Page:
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Alcoholic drinks (and drunkenness) and reward seem like rather disparate ideas! Is there a reason why they might imply one another and do any commentaries interchange between the two to bring some deeper understanding?

A relevant example can be found in Pirkei (6:2) where it says "... do not read ('inscribed') חָרוּת, but rather חֵרוּת ('freedom')":

וְאוֹמֵר (שמות לב) וְהַלֻּחֹת מַעֲשֵׂה אֱלֹהִים הֵמָּה וְהַמִּכְתָּב מִכְתַּב אֱלֹהִים הוּא חָרוּת עַל הַלֻּחֹת, אַל תִּקְרָא חָרוּת אֶלָּא חֵרוּת, שֶׁאֵין לְךָ בֶן חוֹרִין אֶלָּא מִי שֶׁעוֹסֵק בְּתַלְמוּד תּוֹרָה.


Examples can be found here.

Example of שכר for reward:

"וַאֲכַלְתֶּם אֹתוֹ בְּכָל מָקוֹם [...] כִּי שָׂכָר הוּא לָכֶם חֵלֶף עֲבֹדַתְכֶם בְּאֹהֶל מוֹעֵד." (במדבר יח, פסוק לא)

Example of שכר for alcohol:

"מִיַּיִן וְשֵׁכָר יַזִּיר, חֹמֶץ יַיִן וְחֹמֶץ שֵׁכָר לֹא יִשְׁתֶּה; וְכָל מִשְׁרַת עֲנָבִים לֹא יִשְׁתֶּה. " (במדבר ו, פסוק ג)

  • Etymologically, Shekar seems to be a foreign word coming from Akkadian, Aramaic and Arabic (see Even Shushan dictionary). – Al Berko May 16 at 11:36
  • To close voters: The OP asked his question based on words in Tanach, not just words in Hebrew. That’s Hebrew as relevant to Judaism. – DonielF May 16 at 14:48
  • Why did you bring Avos? What does it prove? – Al Berko May 17 at 9:58
  • @AlBerko it's not too prove anything. Just an example of when the same word, with different meanings, has been used interchangeably to provide a 'deeper' meaning – bondonk May 17 at 15:18
  • To prove your point I'd bring Tehhilim 119 where Sin is extensively used instead of Shin: שָׂרִים רְדָפוּנִי חִנָּם ומדבריך [וּמִדְּבָרְךָ] פָּחַד לִבִּי׃ שָׂשׂ אָנֹכִי עַל־אִמְרָתֶךָ כְּמוֹצֵא שָׁלָל רָב׃ שֶׁקֶר שָׂנֵאתִי וַאֲתַעֵבָה תּוֹרָתְךָ אָהָבְתִּי׃ – Al Berko May 18 at 22:06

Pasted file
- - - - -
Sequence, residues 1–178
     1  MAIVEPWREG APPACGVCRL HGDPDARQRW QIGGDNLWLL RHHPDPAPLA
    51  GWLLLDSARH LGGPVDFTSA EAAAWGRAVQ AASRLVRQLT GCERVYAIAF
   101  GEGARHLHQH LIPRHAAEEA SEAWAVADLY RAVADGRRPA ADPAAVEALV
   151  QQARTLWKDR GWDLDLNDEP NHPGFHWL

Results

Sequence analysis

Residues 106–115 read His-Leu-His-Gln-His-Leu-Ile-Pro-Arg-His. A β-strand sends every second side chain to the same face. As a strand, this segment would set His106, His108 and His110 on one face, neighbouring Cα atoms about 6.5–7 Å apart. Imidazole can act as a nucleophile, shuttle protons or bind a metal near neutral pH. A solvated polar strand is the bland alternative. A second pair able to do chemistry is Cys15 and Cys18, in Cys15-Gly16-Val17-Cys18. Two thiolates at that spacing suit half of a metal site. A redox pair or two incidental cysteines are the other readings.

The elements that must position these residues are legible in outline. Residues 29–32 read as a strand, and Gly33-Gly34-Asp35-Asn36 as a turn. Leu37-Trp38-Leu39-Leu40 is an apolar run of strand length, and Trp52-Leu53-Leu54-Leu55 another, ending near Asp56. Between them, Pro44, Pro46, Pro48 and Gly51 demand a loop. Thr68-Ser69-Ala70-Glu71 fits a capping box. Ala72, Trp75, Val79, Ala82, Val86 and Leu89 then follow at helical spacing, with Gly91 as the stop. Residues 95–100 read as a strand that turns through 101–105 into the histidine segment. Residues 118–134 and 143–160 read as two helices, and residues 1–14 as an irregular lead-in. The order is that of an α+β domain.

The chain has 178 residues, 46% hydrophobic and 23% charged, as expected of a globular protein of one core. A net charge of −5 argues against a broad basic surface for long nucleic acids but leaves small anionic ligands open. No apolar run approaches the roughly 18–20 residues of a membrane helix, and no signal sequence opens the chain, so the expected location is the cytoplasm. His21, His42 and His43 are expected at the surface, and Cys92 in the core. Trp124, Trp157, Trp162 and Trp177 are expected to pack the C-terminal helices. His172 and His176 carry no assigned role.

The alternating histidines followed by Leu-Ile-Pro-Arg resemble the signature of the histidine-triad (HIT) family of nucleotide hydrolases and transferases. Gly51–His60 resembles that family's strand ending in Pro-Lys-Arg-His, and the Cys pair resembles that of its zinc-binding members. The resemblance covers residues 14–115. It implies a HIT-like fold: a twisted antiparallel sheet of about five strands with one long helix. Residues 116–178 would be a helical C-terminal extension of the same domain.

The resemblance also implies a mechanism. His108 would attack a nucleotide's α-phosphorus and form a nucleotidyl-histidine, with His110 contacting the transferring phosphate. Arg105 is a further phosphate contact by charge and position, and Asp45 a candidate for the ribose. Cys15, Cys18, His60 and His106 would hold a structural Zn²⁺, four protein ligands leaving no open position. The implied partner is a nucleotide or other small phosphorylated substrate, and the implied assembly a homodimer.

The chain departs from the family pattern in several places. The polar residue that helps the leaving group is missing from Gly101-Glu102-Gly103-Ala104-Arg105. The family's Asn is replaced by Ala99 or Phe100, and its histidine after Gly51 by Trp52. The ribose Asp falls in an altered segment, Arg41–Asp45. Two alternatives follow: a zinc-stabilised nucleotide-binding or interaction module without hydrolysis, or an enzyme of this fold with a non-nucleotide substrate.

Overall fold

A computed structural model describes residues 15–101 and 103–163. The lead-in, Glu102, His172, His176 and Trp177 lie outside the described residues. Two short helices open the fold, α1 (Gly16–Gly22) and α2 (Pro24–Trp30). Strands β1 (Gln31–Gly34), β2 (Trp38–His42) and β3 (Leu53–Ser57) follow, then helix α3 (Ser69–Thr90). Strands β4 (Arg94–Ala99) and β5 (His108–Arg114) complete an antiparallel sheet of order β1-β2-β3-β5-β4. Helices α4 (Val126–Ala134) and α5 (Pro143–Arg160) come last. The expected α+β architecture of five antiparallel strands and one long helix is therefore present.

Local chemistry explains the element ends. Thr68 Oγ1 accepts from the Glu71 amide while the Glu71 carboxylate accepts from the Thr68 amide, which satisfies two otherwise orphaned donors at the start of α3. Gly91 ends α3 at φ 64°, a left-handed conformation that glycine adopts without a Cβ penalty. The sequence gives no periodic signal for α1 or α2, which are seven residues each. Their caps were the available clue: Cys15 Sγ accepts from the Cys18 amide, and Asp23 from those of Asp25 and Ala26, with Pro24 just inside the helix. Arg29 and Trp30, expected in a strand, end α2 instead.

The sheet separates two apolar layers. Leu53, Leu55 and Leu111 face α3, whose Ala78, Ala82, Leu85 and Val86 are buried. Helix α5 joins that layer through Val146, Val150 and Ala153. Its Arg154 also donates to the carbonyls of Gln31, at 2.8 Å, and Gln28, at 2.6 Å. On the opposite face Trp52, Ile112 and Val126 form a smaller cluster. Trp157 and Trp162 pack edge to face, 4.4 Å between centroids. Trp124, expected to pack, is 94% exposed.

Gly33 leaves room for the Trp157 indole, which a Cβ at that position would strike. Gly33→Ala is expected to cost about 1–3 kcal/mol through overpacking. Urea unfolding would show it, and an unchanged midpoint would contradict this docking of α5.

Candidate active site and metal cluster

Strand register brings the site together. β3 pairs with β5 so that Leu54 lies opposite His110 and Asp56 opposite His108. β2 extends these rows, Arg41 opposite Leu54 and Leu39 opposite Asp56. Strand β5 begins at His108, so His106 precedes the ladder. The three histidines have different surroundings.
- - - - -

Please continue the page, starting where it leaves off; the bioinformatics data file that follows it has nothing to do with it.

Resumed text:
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According to the Etymological Dictionary of Biblical Hebrew, based on the works of Rav Hirsch, the word שכר, “to get drunk, to express unreal thoughts” (p. 262) and the word שׂכר, “to compensate, to fill a void” (p. 278) are among a set of words which refer to different nuances of blocking or expressing movement. This set also includes סגר, “to close”; סכר, “to seal”; שיר, “sing”; שקר, “lie”; שגר, “cast forth”; שׂקר, “look penetratingly”; ציר, “connect”; סיר, “contain”; and זכר, “store in memory.”

  • HM?! Booze and reward and sing "blocking or expressing movement"? Sometimes the explanation is so abstract it's useless. Should I downvote you or the dictionary? :) – Al Berko May 17 at 9:56
  • @AlBerko What’s wring with that? Booze restricts one’s self-control, singing expresses one’s emotion, etc. – DonielF May 17 at 12:07
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Look very well.

The first verse, it is written as "שׂכר". In the second verse, it is written as "שׁכר". Do you see that little point? This distinguish between Sin and Shin. This is why the writing in the first verse is Sachar (payment), when the second one is Shachar (Alcoholic drink). Hebrew might get confusing, so look well on the Nikud.

  • The OP said as much. What he asked is if there’s any connection between the two words, since they’re spelled identically, but have different vowels, akin to his example of cheirus and charus, which are both spelled חרות. – DonielF May 16 at 14:50
  • What is your point? – The Shwarma May 16 at 15:00
  • My point is that you’re not providing any information not already included in the OP. This is a Q&A forum, not a general discussion forum. – DonielF May 16 at 15:04
  • Shin and Sin are the same letters. Like Bet and Vet or Taf and Saf. the ABC goes קרשת not קרששת. while the nikkud is different it is written the same letters in the Torah. – Al Berko May 17 at 10:00

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